The following Spring, "Lay Down (Candles In The Rain)", her celebration in song of the event, was released. It became a Top 5 single and "Candles In The Rain", the album which contained it, matched its success, going on to become an R.I.A.A. Certified Gold Record.

By this point, interest in Melanie was growing on a worldwide basis. The New Seekers' version of '"What Have They Done To My Song, Ma" introduced many new listeners to Melanie's song-writing prowess. Late in the Summer of 1970, and riding on the success of her current chart single, "Peace Will Come (According to Plan)", Melanie visited England and scored another major triumph as one of the headliners at the Isle of Wight Festival. A short time later, Buddah released "Leftover Wine", Melanie's first live album, the major portion of which was recorded at Carnegie Hall. This was followed by "The Good Book", an LP in which Melanie blended songs by Bob Dylan, Phil Ochs and Judy Collins with some of her finest original work, including the unforgettable "Babe Rainbow" and the irrepressible "Nickel Song", both of which have become staples of her repertory.

At this time, Melanie and her husband, Peter Schekeryk, formed their own company, Neighborhood Records. The label's first release was "Brand New Key" which became a number one single amassing total sales of more than 3 million copies and easily gaining for Melanie her first Gold Single. More Gold was on the way in the form of "Gather Me", an album which was hailed by critics as Melanie's most mature and fully realised work to date. In terms of popular response, "Gather Me" was her pivotal album and in terms of honesty and emotional depth, it was most definitely a supreme achievement. The album contained such Melanie classics as "Little Bit Of Me", "Steppin'," "Some Say (I Got Devil)" and "Centre Of The Circle", in addition to "Brand New Key" and its follow-up single, "Ring The Living Bell", which became another Top 20 hit.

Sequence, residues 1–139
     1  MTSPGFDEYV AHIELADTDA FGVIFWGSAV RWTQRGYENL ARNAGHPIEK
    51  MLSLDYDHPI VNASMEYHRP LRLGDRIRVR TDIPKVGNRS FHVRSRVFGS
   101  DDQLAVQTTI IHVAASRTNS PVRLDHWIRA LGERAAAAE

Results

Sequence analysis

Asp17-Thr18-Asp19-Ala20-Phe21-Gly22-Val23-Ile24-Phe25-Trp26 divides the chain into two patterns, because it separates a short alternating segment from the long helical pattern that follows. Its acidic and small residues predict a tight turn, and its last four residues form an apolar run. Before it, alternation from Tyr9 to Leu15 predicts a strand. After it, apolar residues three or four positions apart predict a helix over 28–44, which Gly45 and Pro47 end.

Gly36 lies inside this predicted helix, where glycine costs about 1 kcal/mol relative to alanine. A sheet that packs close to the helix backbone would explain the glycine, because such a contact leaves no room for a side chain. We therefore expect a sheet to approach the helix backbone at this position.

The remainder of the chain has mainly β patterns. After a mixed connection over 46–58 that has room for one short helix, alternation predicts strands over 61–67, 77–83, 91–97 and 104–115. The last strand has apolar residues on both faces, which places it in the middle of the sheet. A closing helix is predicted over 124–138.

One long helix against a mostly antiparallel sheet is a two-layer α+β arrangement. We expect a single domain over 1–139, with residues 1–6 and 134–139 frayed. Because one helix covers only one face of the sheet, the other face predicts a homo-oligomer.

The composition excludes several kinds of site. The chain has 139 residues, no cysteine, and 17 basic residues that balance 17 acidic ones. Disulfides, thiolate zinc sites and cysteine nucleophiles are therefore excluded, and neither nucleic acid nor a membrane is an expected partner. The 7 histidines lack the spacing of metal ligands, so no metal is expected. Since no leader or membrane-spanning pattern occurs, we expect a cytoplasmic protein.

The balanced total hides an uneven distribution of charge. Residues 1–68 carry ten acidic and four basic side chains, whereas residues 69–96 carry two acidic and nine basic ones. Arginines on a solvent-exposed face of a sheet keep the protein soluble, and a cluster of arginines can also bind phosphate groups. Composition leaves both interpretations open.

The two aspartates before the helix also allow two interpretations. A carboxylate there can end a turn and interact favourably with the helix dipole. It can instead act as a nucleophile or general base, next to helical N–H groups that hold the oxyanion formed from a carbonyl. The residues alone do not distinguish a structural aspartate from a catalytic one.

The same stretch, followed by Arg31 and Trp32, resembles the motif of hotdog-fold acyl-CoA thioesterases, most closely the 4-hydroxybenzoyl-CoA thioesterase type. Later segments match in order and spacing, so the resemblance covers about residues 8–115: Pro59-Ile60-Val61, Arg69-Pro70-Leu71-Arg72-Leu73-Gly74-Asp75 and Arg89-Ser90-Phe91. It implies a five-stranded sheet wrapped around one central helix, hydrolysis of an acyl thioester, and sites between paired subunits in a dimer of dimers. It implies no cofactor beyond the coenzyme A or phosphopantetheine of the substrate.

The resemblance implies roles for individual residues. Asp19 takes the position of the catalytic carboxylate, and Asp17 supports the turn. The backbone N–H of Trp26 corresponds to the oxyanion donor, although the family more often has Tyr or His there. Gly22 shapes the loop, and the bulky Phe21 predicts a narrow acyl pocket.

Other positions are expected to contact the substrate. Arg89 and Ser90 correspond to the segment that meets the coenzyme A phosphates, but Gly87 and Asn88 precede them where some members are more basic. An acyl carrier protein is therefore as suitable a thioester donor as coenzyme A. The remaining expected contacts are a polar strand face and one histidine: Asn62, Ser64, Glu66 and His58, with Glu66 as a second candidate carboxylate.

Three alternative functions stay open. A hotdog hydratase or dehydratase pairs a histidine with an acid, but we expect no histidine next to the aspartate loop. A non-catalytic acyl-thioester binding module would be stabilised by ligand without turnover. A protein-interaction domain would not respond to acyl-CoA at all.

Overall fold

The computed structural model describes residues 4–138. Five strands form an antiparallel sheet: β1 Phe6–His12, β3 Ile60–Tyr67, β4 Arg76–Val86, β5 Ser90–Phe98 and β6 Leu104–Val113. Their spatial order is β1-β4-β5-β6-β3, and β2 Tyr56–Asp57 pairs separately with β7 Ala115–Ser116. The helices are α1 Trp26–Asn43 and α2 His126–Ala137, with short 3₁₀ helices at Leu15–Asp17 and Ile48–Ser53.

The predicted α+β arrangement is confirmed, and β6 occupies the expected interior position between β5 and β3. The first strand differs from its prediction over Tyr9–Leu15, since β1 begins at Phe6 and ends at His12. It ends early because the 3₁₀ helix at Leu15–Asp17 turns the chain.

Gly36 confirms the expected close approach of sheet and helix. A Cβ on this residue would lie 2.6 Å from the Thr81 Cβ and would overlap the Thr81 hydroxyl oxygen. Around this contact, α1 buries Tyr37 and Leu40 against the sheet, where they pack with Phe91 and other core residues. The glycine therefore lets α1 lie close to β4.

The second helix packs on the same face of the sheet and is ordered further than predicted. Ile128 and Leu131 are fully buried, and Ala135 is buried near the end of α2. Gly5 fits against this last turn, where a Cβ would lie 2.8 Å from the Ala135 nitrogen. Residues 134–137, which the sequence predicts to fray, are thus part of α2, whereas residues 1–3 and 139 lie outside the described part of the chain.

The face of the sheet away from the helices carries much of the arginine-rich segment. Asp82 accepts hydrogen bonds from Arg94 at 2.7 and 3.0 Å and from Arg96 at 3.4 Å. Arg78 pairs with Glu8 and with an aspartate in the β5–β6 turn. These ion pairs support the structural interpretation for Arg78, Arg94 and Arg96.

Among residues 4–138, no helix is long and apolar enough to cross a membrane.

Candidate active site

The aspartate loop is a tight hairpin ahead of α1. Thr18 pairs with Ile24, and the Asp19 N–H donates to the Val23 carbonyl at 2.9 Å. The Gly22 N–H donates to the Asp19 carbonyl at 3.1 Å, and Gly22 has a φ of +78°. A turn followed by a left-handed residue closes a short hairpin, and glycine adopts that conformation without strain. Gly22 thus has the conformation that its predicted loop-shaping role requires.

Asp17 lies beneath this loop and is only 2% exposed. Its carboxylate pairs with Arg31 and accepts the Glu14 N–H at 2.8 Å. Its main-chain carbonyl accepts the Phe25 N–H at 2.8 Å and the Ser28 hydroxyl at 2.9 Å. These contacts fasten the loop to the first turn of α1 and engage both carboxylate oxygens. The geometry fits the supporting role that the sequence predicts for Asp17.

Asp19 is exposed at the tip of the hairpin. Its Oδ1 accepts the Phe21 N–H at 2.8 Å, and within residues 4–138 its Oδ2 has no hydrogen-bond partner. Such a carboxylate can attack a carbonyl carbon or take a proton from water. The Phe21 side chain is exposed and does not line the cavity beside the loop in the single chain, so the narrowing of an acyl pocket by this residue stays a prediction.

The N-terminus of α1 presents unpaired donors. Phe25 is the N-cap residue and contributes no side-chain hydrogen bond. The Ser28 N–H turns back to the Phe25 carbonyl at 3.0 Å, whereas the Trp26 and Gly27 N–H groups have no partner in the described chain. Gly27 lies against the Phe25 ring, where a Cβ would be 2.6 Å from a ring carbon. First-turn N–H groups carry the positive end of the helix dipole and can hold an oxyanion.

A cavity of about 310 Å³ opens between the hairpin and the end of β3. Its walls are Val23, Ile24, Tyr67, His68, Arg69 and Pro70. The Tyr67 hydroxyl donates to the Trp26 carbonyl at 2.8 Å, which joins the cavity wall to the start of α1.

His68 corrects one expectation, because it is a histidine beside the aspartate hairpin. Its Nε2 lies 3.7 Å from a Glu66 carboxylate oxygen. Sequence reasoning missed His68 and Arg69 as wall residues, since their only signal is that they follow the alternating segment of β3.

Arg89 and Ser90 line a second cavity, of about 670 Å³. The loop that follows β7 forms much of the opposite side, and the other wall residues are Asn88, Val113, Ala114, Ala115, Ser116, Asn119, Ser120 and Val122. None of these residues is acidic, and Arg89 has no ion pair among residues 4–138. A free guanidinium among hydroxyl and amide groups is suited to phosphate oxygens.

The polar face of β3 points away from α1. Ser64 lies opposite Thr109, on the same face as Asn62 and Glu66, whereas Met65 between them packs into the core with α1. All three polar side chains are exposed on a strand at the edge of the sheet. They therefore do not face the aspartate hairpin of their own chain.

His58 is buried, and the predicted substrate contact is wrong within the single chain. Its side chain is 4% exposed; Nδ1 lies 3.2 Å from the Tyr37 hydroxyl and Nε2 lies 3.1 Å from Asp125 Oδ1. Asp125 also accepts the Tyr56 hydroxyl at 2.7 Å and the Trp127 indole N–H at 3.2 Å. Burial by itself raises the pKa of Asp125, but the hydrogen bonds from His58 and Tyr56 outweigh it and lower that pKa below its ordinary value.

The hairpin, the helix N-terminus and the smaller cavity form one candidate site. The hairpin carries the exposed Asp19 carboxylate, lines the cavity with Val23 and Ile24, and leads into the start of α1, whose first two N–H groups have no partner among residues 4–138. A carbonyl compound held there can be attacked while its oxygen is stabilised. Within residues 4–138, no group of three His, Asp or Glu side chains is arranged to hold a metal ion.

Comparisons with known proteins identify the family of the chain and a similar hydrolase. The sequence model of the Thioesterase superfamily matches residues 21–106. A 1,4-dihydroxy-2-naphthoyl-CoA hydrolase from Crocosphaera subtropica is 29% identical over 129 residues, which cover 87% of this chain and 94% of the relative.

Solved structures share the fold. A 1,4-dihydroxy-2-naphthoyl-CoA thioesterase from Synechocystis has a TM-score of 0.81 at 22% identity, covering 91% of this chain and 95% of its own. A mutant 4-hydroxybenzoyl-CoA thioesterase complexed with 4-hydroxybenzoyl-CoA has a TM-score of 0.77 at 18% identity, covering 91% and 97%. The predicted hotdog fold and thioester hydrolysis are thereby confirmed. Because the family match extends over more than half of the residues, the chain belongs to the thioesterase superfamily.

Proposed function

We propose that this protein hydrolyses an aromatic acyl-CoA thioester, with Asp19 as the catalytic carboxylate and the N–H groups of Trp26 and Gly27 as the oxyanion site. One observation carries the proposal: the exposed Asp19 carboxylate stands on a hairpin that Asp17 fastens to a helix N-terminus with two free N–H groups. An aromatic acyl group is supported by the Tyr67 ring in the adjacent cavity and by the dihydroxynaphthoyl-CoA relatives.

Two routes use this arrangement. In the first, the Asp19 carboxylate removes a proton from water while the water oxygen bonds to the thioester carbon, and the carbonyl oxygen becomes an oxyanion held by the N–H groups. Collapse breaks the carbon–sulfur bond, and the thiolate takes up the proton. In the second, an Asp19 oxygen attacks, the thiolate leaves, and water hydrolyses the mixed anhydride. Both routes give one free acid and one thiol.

During 1972, Melanie travelled abroad to give concerts throughout Europe and Japan. Under the aegis of UNICEF, she performed in Germany, Austria, Rumania, Yugoslavia, Belgium, Holland, Denmark, England and Canada. One of the high points of this tour was her SRO appearance at London's Royal Albert Hall. Her first visit to Japan was marked by enthusiastic receptions at concerts in Tokyo, Sapporo and Osaka.

In the Fall of that year, Neighborhood released "Stoneground Words", a collection of nine Melanie compositions plus a beautifully heartfelt version of Pete Seeger's "My Rainbow Race". The album marked another step forward for Melanie.

While thematically it was most closely allied to "Gather Me", it seemed to signal a more pronounced point of view, whether the mood were one of light heartedness or sober reflection. The delicate and thoughtful love song, "Together Alone", the hopeful "Do You Believe " and the torchy "Here I Am " (which was dedicated to Polly Safka) were only three of the excellent new songs to be found here.

Melanie's 26th birthday was celebrated at Carnegie Hall and preserved in a two-record set, "Melanie At Carnegie Hall", which was released in April 1973. Melanie spent the summer months of that year enjoying some time off from the rigours of touring, while awaiting the arrival of her first child.

On October 3, she gave birth to a seven pound, seven ounce baby girl, which she and Peter named Leilah after a dark-haired princess of Persian legend.

Early in 1974, Neighborhood released "Madrugada", which featured six Melanie compositions along with her interpretations of songs by Jagger and Richards, Woody Guthrie, Jim Croce and Randy Newman. Meanwhile Melanie prepared for a national tour to take place during the Spring.

A poster advertising a Melanie concert in Austria proclaimed

"Melanie Sings Her Life".

This has been Melanie's life to date.

There are many more songs in her future.